The following blind hiring statistics will tell you everything you need to know about blind recruiting and its effectiveness. We will also outline the pros and cons of the process and help you figure out whether your business should adopt blind recruiting as a regular practice.

However, before we start, let’s take a closer look at precisely what blind recruiting is and how and when it is used.

Blind Recruitment - Top Facts and Trends of 2021 (Editor's Choice)

  • 85% to 97% of hiring managers rely on intuition.
  • “White-sounding” names got 50% more callbacks than “black-sounding” names.
  • 48% of HR managers admitted that bias affects their candidate choice.
  • One in five women experiences gender discrimination in recruitment.
  • African Americans are twice as likely as white people to be unemployed.
  • Earnings increase by 0.8% for every 10% increase in racial and ethnic diversity on the senior-executive team.
  • Job listings with gender-neutral wording get 42% more responses.
  • 71% of employers say diversity practices have a positive impact on their company.

What Is Blind Hiring?

Blind hiring is, by definition, a technique used by businesses to eliminate all bias from the recruitment process. To achieve that, hiring managers omit certain information from resumes, such as age, gender, and ethnicity.

This allows candidates to retain anonymity, which prevents hiring managers from hiring candidates who are similar to them or rejecting candidates based on (un)conscious bias. Instead, hiring managers focus entirely on the candidate’s experience, qualifications, and expertise.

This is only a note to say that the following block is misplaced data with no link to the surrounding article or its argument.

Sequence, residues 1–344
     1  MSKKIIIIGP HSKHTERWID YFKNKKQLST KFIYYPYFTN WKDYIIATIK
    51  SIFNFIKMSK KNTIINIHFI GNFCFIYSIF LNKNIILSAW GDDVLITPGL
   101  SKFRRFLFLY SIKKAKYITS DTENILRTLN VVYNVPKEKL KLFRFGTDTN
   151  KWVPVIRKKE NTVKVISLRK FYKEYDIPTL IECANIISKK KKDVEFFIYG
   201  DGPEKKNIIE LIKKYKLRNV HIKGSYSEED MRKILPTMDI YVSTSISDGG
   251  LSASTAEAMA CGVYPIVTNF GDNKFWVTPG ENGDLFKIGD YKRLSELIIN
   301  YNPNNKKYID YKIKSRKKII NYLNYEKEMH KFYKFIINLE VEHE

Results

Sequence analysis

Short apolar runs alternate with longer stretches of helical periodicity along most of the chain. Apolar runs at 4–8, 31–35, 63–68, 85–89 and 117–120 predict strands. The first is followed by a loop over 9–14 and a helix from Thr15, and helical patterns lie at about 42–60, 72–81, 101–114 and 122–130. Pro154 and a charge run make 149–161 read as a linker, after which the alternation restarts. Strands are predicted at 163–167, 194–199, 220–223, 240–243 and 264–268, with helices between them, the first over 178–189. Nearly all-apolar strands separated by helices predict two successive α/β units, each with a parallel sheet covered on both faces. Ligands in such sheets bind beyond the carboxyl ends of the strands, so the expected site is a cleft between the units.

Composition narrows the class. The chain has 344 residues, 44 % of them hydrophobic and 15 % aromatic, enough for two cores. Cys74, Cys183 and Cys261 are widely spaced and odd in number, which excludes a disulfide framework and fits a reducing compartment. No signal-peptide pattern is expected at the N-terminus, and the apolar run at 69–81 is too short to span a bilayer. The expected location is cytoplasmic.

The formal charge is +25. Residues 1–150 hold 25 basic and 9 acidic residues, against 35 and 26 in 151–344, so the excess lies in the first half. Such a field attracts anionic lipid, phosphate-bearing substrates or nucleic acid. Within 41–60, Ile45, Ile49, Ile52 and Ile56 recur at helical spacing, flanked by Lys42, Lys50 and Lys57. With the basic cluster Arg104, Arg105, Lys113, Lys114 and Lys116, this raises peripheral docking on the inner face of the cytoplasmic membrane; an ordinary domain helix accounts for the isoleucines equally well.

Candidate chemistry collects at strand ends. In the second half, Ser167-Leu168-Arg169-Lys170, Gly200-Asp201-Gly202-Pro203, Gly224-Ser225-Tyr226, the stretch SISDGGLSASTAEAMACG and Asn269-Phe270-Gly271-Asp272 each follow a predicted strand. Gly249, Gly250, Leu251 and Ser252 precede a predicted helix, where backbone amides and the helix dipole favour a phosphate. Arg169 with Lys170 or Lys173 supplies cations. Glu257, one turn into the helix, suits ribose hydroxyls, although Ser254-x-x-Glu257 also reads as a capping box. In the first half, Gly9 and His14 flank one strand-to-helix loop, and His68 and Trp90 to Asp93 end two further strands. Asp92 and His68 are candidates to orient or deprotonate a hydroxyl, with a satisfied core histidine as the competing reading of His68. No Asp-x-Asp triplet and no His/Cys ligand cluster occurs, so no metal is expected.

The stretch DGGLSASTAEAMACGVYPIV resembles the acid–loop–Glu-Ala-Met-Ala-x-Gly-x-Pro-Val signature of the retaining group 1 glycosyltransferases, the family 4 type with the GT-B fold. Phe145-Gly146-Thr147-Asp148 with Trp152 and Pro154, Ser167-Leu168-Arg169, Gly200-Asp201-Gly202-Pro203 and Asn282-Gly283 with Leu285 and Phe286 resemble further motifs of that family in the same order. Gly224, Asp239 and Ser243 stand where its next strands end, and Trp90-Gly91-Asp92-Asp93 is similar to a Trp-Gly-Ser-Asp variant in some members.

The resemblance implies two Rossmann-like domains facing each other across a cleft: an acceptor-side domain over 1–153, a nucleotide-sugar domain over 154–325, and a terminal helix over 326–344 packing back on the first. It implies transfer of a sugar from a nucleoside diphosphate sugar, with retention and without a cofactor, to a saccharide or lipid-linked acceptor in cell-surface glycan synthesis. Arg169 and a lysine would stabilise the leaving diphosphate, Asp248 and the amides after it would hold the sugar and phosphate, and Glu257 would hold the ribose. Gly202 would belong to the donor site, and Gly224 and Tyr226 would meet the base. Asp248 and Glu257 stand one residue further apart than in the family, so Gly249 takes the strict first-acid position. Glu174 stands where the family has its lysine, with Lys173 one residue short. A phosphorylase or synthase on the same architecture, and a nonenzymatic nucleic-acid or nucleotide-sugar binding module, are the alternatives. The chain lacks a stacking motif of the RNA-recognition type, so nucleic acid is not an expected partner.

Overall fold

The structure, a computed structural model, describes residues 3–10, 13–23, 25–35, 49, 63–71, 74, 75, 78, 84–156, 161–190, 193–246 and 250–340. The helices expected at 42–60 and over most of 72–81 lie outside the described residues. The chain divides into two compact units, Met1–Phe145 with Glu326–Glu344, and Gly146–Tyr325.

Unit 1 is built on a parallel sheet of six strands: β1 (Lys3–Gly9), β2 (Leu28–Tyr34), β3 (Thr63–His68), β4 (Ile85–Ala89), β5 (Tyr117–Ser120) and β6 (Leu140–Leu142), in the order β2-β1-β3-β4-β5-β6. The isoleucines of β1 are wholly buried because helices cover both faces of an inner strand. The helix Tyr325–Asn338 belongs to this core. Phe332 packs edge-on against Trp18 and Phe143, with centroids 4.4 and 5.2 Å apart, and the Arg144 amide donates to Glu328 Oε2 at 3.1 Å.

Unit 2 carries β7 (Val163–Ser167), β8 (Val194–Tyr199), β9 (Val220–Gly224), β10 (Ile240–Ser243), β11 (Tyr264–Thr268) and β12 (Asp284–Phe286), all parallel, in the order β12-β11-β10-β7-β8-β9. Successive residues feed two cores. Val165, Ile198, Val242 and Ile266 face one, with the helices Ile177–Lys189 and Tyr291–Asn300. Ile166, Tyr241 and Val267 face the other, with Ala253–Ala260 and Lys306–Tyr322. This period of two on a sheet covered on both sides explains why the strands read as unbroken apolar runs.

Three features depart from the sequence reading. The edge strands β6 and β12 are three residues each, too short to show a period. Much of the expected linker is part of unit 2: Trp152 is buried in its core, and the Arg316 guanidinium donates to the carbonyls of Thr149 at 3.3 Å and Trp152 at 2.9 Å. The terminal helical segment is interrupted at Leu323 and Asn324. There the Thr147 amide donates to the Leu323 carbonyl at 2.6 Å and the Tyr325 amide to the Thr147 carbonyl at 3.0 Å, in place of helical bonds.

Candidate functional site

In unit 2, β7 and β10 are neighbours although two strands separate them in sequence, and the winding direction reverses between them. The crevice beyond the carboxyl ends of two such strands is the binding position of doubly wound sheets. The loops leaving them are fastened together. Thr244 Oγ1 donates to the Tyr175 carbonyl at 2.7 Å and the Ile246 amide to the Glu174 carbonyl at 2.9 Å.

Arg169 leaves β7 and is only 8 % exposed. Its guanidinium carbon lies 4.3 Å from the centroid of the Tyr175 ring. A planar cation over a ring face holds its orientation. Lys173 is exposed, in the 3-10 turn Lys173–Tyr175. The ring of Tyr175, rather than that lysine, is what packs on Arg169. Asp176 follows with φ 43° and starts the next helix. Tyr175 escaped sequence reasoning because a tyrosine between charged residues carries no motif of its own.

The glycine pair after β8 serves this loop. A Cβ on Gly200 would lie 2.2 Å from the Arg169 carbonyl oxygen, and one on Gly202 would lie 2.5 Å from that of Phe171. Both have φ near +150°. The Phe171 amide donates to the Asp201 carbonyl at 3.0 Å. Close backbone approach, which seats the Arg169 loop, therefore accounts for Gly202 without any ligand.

Blind Hiring Statistics

By eliminating unconscious bias, businesses are supposed to achieve having a more diverse workforce. Organizations should also yield better results, considering that every applicant is hired solely based on their qualifications.

The blind-hiring principle works on paper, but whether it’s as effective as it should be can be seen from the following statistics.

1. 85% to 97% of hiring managers rely on intuition.

According to a study published in the Harvard Business Review, the majority of professionals rely on the mental synthesis of information or intuition when processing applications. This can potentially create unwanted bias, whether intentionally or unconsciously. The same research also showed that a simple ATS equation is 25% more effective in selecting the right candidates than hiring professionals.

2. 74% of CEOs are focused on hiring the best talent, regardless of demographics or geography.

Blind recruiting is one of the latest trends, and more and more businesses are conducting blind recruitment trials and adopting the practice. The number of CEOs focused on talent diversity and inclusiveness was at 87% in 2017, which is a significant improvement from 2015 when it was only 64%.

3. 45% of females believe gender stereotypes in the recruitment process are the biggest barrier to increasing experienced female hires.